Looking at Children: Field Experiences in Child Study is an approach to learning materials for early childhood educators. Looking at Children consists of a series of fourteen units of structured exercises dealing with specific educational and developmental issues such as language development, classification, play, and moral development in children. Also included are up-to-date materials concerning family involvement, television, single-parent families, and the father’s role in parenting. Looking at Children can be used effectively as a part of a formal preservice or in-service training program. Don’t miss Looking at Children, an invaluable aid in helping you achieve the goals of improved educational competency and increased understanding of children.
Written in 1976, Looking at Children gives a perspective on early childhood development and education from that era. Dr. Goldman bases this book on the concepts of the Swiss psychologist Jean Piaget and offers 14 units that provide exercises for educators.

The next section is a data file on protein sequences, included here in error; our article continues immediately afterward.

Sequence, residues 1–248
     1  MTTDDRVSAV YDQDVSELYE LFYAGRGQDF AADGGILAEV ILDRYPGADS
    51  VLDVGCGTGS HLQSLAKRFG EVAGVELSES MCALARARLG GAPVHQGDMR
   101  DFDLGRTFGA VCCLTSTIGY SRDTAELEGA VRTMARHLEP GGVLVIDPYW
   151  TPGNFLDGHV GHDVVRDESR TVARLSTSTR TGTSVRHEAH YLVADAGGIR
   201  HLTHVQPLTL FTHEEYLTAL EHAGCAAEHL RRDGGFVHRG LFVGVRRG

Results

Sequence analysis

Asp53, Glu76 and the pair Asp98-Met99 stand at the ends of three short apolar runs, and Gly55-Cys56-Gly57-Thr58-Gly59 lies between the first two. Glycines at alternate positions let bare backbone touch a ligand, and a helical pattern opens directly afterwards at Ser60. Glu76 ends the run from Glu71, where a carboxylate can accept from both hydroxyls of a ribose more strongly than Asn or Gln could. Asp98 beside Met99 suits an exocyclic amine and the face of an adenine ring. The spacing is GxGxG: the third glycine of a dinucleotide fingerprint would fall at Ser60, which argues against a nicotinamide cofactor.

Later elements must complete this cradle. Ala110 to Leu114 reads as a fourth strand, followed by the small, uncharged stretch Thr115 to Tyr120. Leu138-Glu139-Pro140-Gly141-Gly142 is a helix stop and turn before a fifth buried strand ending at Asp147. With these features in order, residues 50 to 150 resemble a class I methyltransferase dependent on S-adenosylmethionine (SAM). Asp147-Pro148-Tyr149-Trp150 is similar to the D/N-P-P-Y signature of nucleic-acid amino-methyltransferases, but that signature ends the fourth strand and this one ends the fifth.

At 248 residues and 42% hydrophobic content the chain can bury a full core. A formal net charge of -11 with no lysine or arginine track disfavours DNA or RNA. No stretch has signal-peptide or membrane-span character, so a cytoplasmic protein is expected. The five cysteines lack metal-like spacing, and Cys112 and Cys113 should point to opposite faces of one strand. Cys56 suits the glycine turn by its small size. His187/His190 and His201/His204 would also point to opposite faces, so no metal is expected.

Looking at Children gives an experts’ view into childhood development in the ’70s and addresses potential issues. Despite the era of the book, Golden discusses single-parent families, the role of the father in a child’s life, and abuse in three units. Another unit covers how children view gender typing. Goldman also introduces how television affected children, which has now transformed into electronic devices.
Other units in Looking at Children discuss how to stimulate infants and the role of play with children. This book also mentions childhood development areas like morals, language, and relationships. Goldman also notes how children deal with classes and another unit titled the “Notions of Numbers and Quantity.” This guide gives a glimpse into views from decades ago, where some still hold relevance. Looking at Children can be used as a historical reference guide or see how educational practices have changed.
eBook – Kindle, eBook – Apple
Green Dragon Books